Their view: Reforms needed to spur state’s economic growth

Vic Bruno is treasurer and a board member of New Mexico’s Rio Grande Foundation, which promotes limited government, economic freedom and individual responsibility. He says the foundation has several ideas on how to spur economic growth in New Mexico.

There has been a lot of discussion in New Mexico of ways to jump-start our struggling economy. This is good news. For too long, we have relied on the federal government to add or save jobs at the air bases or labs as the basis of the economy in our beautiful state.

There are expensive economic development studies in the works that are designed to answer the question of how best to spur New Mexico’s economy. The Rio Grande Foundation, using economic data from across the nation, has produced its own ideas.

The first is to eliminate New Mexico’s personal income tax. According to Arthur Laffer and Stephen Moore, “from 1998 to 2007, more than 1,100 people every day including Sundays and holidays moved from the nine highest income-tax states such as California, New Jersey, New York and Ohio and relocated mostly to the nine tax-haven states with no (state) income tax, including Florida, Nevada, New Hampshire and Texas.” In addition, Laffer and Moore also found that over these same years the no-income tax states created 89 percent more jobs and had 32 percent faster personal income growth than their high-tax counterparts.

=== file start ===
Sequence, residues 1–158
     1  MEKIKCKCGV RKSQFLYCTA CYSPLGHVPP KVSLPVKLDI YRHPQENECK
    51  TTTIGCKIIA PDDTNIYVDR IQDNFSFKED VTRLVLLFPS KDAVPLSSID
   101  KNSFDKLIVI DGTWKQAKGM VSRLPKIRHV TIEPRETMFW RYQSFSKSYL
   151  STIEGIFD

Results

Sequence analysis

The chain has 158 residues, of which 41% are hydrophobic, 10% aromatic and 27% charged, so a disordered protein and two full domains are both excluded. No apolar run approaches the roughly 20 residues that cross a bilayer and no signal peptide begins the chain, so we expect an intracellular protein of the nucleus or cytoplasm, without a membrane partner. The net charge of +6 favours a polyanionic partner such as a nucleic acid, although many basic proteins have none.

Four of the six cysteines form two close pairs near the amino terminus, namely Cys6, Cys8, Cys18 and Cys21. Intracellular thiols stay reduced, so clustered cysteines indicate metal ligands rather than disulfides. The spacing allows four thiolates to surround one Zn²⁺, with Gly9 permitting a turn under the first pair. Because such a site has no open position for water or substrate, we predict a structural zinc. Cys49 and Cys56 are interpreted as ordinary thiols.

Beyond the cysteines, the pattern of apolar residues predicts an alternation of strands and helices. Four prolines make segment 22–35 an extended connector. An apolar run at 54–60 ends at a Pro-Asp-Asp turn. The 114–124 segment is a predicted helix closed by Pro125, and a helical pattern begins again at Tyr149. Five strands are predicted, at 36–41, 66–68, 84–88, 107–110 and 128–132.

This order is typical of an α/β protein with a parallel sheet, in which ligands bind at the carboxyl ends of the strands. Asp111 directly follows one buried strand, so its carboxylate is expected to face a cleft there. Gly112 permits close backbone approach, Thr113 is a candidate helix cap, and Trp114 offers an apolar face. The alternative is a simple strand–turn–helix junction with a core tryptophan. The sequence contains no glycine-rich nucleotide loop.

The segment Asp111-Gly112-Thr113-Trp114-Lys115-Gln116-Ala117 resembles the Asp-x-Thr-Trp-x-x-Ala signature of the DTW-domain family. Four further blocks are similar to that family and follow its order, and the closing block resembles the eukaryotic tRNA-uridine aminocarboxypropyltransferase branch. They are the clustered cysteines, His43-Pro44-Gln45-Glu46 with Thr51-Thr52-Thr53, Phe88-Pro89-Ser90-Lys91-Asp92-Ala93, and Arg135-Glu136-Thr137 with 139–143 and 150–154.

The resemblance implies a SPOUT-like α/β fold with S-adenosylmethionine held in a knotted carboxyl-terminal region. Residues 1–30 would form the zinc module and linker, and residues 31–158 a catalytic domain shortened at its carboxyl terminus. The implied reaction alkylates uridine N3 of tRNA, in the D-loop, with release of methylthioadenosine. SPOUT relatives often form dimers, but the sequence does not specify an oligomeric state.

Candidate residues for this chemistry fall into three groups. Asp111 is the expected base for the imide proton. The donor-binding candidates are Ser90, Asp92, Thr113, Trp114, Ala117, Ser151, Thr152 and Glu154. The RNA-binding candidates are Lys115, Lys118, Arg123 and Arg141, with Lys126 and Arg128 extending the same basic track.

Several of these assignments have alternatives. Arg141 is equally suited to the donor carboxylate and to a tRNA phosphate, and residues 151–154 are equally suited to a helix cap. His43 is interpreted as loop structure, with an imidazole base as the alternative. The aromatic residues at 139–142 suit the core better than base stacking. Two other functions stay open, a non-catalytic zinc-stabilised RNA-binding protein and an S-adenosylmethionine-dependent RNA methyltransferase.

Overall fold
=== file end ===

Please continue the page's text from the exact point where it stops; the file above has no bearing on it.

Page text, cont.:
The second major reform is the adoption of “right to work” legislation. Simply put, these laws prohibit employers and unions from requiring membership in a union or payment of union dues a condition of employment. Currently, New Mexico does not have such labor protections.

According to economist Richard Vedder, both population and income growth have been significantly faster in the 22 states with right to work laws.

The list of other reforms that could be made includes improving our failing educational system, reforming our regulatory system with an eye toward simplification, ease of compliance and lowered costs, and reducing the overall size and scope of New Mexico government by taking into account so many efficiencies afforded by a modern, technologically-driven workforce.